There doesn't seem to be any sort of standard naming convention for OpenSSL certificates, so I'd like to know if there's a simple command to get important information about any OpenSSL certificate, regardless of type. I'd like to know at least the certificate type (x509, RSA, DSA) and whether it's a public or private key. Looking at the contents of a certificate I just extracted from a PKCS12 file, neither of these are explicitly shown.

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Firstly, you have a few terminology problems:

  • the X509 standard defines certificates, and RSA and DSA are two of the public key algorithms that can be used in those certificates;
  • certificates are used to hold public keys, and never private keys.
  • PKCS#12 is a standard for a container which can hold an X509 client certificates and the corresponding private keys, as well as (optionally) the X509 certificates of the CAs that signed the X509 client certificate(s).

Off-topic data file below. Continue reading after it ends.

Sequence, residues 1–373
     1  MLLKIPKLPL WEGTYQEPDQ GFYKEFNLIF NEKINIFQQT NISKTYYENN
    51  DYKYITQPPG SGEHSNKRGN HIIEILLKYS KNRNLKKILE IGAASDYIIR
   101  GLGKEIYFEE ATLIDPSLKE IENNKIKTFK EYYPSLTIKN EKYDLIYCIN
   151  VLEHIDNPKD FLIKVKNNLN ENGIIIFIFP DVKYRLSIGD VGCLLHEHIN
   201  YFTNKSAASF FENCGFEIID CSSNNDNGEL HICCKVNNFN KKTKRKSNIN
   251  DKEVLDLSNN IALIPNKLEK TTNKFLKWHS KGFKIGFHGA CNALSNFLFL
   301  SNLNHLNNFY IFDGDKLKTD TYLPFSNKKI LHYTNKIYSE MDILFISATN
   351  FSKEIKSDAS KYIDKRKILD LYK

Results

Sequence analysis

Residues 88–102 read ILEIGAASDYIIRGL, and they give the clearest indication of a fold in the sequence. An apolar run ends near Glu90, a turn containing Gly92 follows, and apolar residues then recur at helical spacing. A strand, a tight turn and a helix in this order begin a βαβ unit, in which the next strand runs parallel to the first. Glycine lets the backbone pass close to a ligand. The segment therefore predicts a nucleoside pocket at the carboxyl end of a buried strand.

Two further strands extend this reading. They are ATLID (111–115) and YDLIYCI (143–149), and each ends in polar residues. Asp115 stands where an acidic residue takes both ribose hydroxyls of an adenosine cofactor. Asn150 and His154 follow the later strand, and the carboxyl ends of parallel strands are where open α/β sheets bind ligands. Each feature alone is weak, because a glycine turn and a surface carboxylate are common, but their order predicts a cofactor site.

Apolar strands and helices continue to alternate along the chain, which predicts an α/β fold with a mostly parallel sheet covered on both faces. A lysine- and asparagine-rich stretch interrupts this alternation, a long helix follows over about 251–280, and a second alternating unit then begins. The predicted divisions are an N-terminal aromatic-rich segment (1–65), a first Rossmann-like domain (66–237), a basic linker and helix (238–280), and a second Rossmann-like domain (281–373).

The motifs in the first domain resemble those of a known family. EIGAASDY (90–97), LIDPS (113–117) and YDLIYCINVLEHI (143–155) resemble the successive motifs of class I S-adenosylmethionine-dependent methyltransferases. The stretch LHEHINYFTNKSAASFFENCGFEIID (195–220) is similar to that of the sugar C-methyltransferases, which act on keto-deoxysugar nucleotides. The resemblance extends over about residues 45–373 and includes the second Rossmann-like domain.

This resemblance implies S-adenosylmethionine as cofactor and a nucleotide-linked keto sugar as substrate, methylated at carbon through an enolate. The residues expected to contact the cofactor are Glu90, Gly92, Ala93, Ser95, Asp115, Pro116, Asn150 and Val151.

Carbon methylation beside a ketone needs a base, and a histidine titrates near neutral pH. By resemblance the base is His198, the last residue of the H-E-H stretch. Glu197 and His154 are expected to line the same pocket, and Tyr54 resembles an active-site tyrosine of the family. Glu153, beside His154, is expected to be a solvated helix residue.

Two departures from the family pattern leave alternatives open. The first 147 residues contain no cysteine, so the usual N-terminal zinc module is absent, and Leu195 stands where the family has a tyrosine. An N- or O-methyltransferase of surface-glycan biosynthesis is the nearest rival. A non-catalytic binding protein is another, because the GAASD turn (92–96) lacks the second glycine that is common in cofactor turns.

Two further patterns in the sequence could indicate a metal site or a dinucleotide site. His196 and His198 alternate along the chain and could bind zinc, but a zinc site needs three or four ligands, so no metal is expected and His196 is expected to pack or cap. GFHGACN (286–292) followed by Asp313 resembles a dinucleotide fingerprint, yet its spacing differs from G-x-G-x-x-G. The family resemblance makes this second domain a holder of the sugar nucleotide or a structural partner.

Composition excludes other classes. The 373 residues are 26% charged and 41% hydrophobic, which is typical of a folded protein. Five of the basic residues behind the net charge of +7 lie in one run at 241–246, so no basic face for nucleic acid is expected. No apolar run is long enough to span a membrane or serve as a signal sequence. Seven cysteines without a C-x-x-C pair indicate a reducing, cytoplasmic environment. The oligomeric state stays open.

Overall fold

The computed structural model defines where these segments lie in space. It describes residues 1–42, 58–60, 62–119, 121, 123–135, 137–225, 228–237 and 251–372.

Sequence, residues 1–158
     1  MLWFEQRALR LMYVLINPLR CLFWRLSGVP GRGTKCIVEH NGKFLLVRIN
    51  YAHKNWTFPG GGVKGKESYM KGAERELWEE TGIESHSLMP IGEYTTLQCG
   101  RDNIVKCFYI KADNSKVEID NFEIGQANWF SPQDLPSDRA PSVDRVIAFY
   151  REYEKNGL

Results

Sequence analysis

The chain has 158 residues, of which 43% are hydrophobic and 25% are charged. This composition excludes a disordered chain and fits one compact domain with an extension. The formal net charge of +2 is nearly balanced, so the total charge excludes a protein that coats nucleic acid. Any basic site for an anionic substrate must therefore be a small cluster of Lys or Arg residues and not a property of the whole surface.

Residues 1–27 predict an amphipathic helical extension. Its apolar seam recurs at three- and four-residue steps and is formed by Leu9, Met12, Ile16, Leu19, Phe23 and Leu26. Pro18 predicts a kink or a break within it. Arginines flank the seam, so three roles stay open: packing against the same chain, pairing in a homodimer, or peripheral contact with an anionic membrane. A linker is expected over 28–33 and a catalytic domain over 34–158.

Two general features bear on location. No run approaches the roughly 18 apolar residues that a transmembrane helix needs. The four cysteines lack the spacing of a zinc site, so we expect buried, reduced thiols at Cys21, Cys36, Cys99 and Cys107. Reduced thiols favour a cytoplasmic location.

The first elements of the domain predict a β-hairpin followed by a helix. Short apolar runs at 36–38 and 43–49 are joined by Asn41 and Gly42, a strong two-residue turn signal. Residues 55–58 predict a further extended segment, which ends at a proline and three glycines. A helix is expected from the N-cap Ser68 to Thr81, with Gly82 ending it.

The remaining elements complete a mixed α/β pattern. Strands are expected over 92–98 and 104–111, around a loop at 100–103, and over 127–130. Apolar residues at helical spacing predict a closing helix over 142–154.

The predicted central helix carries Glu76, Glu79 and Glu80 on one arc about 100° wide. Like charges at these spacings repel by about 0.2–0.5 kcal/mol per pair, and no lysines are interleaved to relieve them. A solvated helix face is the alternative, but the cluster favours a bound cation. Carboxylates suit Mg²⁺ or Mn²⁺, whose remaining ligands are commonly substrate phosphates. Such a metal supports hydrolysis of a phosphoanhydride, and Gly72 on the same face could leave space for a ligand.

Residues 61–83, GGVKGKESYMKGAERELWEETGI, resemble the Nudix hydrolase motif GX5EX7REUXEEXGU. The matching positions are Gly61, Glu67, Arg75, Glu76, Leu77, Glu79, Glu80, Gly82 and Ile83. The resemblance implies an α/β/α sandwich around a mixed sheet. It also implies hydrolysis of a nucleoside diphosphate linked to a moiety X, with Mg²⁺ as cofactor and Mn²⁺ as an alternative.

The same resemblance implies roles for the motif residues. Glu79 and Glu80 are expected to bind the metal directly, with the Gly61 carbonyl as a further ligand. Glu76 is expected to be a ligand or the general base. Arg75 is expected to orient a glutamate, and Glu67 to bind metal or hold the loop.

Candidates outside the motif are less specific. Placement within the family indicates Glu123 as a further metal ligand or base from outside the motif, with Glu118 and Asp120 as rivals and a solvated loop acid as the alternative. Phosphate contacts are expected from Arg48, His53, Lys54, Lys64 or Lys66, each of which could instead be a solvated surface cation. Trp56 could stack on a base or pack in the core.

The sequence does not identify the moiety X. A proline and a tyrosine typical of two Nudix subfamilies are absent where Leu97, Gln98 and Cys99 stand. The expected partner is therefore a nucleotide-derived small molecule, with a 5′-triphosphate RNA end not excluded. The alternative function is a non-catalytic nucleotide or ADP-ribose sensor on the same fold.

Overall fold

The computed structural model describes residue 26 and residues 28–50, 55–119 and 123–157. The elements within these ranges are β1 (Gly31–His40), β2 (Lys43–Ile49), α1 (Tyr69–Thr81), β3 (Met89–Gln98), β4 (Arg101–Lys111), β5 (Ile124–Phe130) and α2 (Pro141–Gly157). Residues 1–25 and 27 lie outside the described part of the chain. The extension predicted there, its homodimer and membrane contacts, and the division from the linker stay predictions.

So, if you're examining a PKCS#12 file (typically .p12 extension), then you already know:

  • It contains at least one X509 client certificate, which contains a public key; and
  • It contains the corresponding private keys.

All you don't know is whether those certificate & private key are RSA or DSA. You can check this by extracting the certificate(s), and then examine them:

openssl pkcs12 -in mycert.p12 -clcerts -nokeys -out mycert.crt
openssl x509 -in mycert.crt -text

The text output of the openssl x509 command should include a Subject Public Key section, which will include fields that let you see if it's an RSA or DSA key (along with the key size).


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